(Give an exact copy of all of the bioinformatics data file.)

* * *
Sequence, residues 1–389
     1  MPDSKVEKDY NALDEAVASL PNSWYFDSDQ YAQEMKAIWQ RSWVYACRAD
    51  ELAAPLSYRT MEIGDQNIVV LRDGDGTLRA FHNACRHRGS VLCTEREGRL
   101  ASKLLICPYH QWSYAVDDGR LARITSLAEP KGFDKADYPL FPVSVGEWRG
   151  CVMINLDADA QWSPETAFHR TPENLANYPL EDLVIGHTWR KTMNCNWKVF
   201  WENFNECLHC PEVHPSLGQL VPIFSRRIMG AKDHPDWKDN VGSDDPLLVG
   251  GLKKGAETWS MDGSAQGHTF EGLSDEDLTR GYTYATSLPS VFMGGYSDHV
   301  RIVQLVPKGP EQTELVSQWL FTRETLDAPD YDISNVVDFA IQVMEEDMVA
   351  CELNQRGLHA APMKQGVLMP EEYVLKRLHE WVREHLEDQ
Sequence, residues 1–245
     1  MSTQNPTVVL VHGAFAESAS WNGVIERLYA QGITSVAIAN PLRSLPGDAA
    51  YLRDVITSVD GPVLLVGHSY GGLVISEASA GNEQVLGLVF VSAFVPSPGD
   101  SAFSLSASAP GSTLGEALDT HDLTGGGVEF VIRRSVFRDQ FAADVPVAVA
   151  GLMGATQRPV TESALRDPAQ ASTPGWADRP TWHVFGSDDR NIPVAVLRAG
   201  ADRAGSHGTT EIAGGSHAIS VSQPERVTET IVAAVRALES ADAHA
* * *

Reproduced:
Sequence, residues 1–389
     1  MPDSKVEKDY NALDEAVASL PNSWYFDSDQ YAQEMKAIWQ RSWVYACRAD
    51  ELAAPLSYRT MEIGDQNIVV LRDGDGTLRA FHNACRHRGS VLCTEREGRL
   101  ASKLLICPYH QWSYAVDDGR LARITSLAEP KGFDKADYPL FPVSVGEWRG
   151  CVMINLDADA QWSPETAFHR TPENLANYPL EDLVIGHTWR KTMNCNWKVF
   201  WENFNECLHC PEVHPSLGQL VPIFSRRIMG AKDHPDWKDN VGSDDPLLVG
   251  GLKKGAETWS MDGSAQGHTF EGLSDEDLTR GYTYATSLPS VFMGGYSDHV
   301  RIVQLVPKGP EQTELVSQWL FTRETLDAPD YDISNVVDFA IQVMEEDMVA
   351  CELNQRGLHA APMKQGVLMP EEYVLKRLHE WVREHLEDQ
Sequence, residues 1–245
     1  MSTQNPTVVL VHGAFAESAS WNGVIERLYA QGITSVAIAN PLRSLPGDAA
    51  YLRDVITSVD GPVLLVGHSY GGLVISEASA GNEQVLGLVF VSAFVPSPGD
   101  SAFSLSASAP GSTLGEALDT HDLTGGGVEF VIRRSVFRDQ FAADVPVAVA
   151  GLMGATQRPV TESALRDPAQ ASTPGWADRP TWHVFGSDDR NIPVAVLRAG
   201  ADRAGSHGTT EIAGGSHAIS VSQPERVTET IVAAVRALES ADAHA